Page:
We need to balance the Budget over the business cycle as Keynes suggested, right?

Firstly, we do need to ask if Keynes did suggest that. There are arguments either way on this point.  Keynes’ view unfolded and developed starting in the bleak 1920’s in Britain. There was no ‘roaring twenties’ for the UK economy as the government deflated the economy to try to fit the Pound back on to its pre-war Gold  Standard. Keynes then did argue that governments should run deficits if private spending declined and reduce those deficits when future growth was strong enough. This has been interpreted by many that his intent was that the budget was to be more or less balanced over the business cycle. If anyone is keen to research into his thinking they might like to start with his 1924 publication A Tract on Monetary Reform.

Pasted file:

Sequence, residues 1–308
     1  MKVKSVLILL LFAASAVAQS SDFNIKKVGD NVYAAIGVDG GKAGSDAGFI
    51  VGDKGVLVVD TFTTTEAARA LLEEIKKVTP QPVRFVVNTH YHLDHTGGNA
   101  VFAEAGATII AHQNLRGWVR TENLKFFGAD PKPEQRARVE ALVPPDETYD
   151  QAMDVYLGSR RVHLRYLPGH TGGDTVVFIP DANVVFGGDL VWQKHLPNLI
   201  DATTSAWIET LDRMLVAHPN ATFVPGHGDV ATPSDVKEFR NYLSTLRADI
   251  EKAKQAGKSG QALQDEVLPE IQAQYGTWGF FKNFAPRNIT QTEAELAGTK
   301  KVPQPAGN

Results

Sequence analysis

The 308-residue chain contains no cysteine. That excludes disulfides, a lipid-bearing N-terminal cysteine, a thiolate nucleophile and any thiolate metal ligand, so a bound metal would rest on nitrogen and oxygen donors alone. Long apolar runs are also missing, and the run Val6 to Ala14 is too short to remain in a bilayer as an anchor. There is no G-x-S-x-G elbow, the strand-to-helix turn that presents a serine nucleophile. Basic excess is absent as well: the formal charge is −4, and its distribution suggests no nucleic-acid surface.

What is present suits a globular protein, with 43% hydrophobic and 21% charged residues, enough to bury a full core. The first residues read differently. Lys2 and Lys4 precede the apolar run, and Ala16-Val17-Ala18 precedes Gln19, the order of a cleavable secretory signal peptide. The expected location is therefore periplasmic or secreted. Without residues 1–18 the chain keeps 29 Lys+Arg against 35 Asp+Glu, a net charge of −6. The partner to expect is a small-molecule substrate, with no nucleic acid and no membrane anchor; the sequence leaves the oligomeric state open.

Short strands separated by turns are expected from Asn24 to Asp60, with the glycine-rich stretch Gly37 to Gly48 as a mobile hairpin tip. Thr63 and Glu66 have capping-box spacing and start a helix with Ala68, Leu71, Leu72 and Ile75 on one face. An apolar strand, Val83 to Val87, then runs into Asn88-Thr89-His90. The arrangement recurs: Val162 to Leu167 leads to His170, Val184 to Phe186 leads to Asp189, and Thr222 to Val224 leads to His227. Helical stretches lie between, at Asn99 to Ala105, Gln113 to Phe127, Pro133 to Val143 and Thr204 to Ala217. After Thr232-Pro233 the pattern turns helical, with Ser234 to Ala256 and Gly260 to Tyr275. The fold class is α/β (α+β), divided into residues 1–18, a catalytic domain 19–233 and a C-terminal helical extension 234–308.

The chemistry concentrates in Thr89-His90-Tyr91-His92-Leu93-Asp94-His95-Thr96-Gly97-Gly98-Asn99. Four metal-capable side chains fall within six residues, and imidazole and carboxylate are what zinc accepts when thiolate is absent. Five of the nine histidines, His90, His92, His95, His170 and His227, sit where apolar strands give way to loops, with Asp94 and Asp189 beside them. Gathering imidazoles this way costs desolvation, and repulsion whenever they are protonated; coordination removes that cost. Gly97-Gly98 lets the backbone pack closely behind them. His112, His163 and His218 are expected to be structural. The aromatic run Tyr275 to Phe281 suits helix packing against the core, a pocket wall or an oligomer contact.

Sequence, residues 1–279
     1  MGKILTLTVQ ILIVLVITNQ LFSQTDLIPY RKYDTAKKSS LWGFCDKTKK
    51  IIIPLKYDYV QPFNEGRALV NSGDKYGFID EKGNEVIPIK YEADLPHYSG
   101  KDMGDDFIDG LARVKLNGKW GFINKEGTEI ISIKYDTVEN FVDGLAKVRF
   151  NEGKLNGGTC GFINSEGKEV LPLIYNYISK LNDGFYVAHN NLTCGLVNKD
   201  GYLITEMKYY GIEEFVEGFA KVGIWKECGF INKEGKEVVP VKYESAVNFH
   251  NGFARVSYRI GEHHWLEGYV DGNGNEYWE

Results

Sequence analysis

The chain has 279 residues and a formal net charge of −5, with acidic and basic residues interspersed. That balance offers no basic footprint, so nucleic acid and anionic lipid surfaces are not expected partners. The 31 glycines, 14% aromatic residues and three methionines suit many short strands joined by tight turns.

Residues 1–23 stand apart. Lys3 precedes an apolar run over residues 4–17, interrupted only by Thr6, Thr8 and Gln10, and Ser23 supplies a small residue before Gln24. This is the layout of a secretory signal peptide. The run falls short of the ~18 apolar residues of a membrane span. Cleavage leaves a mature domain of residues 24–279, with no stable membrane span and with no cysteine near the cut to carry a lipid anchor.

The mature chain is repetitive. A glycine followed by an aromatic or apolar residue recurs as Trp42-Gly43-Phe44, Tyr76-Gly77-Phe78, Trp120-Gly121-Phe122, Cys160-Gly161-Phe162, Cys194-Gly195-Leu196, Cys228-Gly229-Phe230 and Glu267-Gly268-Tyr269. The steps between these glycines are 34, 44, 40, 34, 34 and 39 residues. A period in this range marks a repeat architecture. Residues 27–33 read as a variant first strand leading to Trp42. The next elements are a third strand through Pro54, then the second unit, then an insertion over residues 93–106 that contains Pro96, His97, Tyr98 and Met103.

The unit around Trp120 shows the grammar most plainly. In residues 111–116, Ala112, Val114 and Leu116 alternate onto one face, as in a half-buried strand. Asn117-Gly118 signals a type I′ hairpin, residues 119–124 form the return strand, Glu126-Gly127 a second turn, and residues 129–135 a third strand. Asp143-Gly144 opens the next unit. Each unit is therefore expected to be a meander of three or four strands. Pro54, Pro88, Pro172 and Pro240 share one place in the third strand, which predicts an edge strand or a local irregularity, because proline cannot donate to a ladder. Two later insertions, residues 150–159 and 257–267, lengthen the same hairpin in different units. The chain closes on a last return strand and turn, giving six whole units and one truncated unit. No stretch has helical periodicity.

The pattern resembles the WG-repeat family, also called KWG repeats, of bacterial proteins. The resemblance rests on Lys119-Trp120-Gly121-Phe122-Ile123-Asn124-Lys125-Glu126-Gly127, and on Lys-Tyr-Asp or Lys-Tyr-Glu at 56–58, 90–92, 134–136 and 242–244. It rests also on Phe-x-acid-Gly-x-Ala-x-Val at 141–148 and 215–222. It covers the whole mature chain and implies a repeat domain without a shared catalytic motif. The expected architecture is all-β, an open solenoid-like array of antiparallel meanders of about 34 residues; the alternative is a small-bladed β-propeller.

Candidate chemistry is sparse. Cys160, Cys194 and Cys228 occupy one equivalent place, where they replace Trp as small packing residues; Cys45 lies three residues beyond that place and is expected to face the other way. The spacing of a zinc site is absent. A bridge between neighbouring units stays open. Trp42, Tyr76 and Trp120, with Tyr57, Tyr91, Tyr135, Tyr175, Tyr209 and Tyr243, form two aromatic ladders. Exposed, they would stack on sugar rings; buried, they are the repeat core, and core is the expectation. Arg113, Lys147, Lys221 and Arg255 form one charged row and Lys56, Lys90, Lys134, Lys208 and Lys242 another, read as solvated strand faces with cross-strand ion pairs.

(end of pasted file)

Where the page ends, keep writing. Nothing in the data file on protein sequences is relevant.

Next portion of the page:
A better approach might be to try to understand why Keynes should made a break from tradition and start to advocate that budgets should at times be unbalanced. If we consider an economy which is neither a net exporter nor a net importer and in which everyone spends what they earn within the economy, Government spending and taxation must balance. This is true regardless of the level of taxation imposed (providing it is finite) and so regardless of the level of inflation within the economy. It has to, according to the principle of sectoral balances originally developed in the 60’s and 70’s by the late Prof Wynne Godley at Cambridge University.